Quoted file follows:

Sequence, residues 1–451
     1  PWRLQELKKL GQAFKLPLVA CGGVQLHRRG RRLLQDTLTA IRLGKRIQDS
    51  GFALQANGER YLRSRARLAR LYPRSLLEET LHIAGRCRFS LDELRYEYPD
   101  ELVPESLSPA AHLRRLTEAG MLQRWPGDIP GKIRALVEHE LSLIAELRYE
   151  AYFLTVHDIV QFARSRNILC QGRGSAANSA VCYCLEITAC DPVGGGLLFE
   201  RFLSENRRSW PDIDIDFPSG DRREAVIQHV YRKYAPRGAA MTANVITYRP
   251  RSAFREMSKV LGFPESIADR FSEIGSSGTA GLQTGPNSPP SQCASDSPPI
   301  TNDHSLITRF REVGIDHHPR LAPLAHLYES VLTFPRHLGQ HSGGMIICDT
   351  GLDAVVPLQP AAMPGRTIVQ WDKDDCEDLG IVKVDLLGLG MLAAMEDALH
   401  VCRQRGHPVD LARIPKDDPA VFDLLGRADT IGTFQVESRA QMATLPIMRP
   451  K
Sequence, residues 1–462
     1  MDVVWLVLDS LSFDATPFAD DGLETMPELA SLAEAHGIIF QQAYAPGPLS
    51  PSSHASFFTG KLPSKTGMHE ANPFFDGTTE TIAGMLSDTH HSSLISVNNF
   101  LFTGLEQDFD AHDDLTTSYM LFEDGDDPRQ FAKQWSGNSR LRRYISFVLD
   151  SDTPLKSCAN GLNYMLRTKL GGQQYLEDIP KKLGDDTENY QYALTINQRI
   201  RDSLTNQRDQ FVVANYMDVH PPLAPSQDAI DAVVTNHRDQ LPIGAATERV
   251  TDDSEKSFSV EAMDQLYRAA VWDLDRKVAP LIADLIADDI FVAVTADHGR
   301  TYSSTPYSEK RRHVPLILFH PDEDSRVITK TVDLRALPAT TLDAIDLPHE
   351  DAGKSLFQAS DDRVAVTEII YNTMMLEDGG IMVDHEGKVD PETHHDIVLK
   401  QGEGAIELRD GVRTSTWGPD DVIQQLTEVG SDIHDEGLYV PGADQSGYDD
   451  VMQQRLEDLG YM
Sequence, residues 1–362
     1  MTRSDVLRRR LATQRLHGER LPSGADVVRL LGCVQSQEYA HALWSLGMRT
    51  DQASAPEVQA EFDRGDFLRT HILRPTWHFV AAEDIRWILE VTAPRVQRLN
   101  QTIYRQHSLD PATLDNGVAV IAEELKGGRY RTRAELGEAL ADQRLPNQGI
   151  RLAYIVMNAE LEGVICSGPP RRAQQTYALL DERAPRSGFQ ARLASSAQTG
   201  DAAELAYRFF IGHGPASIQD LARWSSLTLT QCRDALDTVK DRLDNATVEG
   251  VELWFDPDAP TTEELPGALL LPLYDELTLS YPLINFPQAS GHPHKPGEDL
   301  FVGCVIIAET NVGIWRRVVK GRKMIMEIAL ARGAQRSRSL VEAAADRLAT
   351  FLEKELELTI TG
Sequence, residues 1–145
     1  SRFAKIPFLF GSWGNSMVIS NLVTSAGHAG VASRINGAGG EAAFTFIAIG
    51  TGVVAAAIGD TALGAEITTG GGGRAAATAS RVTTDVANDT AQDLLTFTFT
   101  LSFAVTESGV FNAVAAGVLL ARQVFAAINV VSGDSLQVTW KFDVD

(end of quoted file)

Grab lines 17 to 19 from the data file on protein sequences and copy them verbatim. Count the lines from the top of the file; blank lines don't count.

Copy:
   201  RDSLTNQRDQ FVVANYMDVH PPLAPSQDAI DAVVTNHRDQ LPIGAATERV
   251  TDDSEKSFSV EAMDQLYRAA VWDLDRKVAP LIADLIADDI FVAVTADHGR
   301  TYSSTPYSEK RRHVPLILFH PDEDSRVITK TVDLRALPAT TLDAIDLPHE